Mrs P has rheumatoid arthritis and had previously injured her left wrist. The wrist fracture moved, but this was not picked up until much later. As a result, she had to undergo surgery to correct this and pursued a successful clinical negligence case with Partner and Head of Clinical Negligence Ally Taft some years ago.
In 2018, Mrs P had a fall and was taken to hospital, where an x-ray confirmed that she had fractured her right wrist. She was put in a plaster cast. The next day, she underwent another x-ray and explained her medical history to the doctor and her concerns over this injury. She was reassured and discharged.
She returned to the hospital a week later and had another x-ray. No concerns were raised, despite the x-ray showing that the fracture had moved. The next week, Mrs P attended the hospital again as she was concerned about her wrist not healing and insisted on another x-ray. She was advised that the fracture had not moved, when in fact it had.
The following week, Mrs P attended the hospital and saw a different doctor who was furious with her outcome. A further x-ray was performed which confirmed that there was a gap in her bones and her arm was shortened as the bone had collapsed in. All of the x-rays that had been taken previously showed this.
She required surgery to correct her wrist, but the bones were soft due to the healing process and the operation could not be carried out for a year. During this time, she continued to suffer from severe pain and discomfort. Over a year after the accident, Mrs P underwent an operation to lengthen the arm and correct the fracture. Four months after the surgery, the gap in her bones had not closed.
A month later she underwent a major operation that involved removing the fractured bone and taking a bone graft from her hip. Carpal tunnel decompression also had to be performed, as Mrs P had developed carpal tunnel syndrome as a result of the injury.
Despite undergoing two operations, she remains restricted with the right arm and suffers from increased pain.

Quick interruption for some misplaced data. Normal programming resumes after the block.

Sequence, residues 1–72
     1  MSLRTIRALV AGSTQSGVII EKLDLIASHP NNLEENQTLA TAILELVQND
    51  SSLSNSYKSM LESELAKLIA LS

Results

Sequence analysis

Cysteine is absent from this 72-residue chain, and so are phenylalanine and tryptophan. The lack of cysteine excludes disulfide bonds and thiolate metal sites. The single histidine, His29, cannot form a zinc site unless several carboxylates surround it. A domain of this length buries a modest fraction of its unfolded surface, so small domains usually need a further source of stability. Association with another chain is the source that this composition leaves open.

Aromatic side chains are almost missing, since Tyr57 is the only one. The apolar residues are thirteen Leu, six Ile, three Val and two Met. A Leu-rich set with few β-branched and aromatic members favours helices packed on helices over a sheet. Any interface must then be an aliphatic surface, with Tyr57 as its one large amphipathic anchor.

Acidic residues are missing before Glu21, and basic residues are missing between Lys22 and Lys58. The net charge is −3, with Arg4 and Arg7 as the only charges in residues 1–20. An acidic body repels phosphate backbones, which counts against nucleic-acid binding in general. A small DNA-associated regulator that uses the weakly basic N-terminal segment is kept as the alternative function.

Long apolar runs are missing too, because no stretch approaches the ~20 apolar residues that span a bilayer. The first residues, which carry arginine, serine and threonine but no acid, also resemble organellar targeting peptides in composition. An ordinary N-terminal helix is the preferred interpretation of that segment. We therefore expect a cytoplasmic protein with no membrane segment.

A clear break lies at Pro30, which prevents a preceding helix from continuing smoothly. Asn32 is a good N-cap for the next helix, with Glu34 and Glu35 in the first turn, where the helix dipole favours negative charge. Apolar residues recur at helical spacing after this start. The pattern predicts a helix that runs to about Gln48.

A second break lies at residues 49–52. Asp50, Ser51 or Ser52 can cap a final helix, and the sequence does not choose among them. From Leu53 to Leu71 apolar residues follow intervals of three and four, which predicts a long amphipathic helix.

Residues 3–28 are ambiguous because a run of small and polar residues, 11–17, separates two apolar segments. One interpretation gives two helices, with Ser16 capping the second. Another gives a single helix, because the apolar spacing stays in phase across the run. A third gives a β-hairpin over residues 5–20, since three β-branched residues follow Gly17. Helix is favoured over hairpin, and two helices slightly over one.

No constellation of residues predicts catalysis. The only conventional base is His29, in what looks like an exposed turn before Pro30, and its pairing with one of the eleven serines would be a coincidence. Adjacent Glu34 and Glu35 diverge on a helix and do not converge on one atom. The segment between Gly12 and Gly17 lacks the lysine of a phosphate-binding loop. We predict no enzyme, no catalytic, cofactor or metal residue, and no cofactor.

Had the movement in the fracture been identified and discussed with Mrs P when she first presented in hospital, she would have avoided the lengthy period of pain, the second operation, developing carpal tunnel syndrome and the subsequent ongoing pain and suffering.
Expert evidence obtained suggested that Mrs P wrist was in a worse position than it was at the time of the fracture, prior to any treatment.
Mrs P instructed Ally Taft for a second time and received £62,500 in compensation. The money will help pay for assistance for tasks that Mrs P now struggles with, and she has funds to pay for private surgery, if she decides to go ahead.
Following the case, Ally said: “I’m pleased that we were able to reach this outcome for Mrs P – the sum we secured will go some way in providing peace of mind for her. However, that doesn’t make up for the lack of concern from the hospital; much of this could have been avoided if the issues had been identified at the time.”
Following the case, Mrs P said: “It’s not been easy as they dug their heels in. When we had the letter denying liability, I thought I wouldn’t get anything. I would have been happy with £20,000 and am shocked at the level of settlement. You have been absolutely wonderful, I can’t praise you enough.”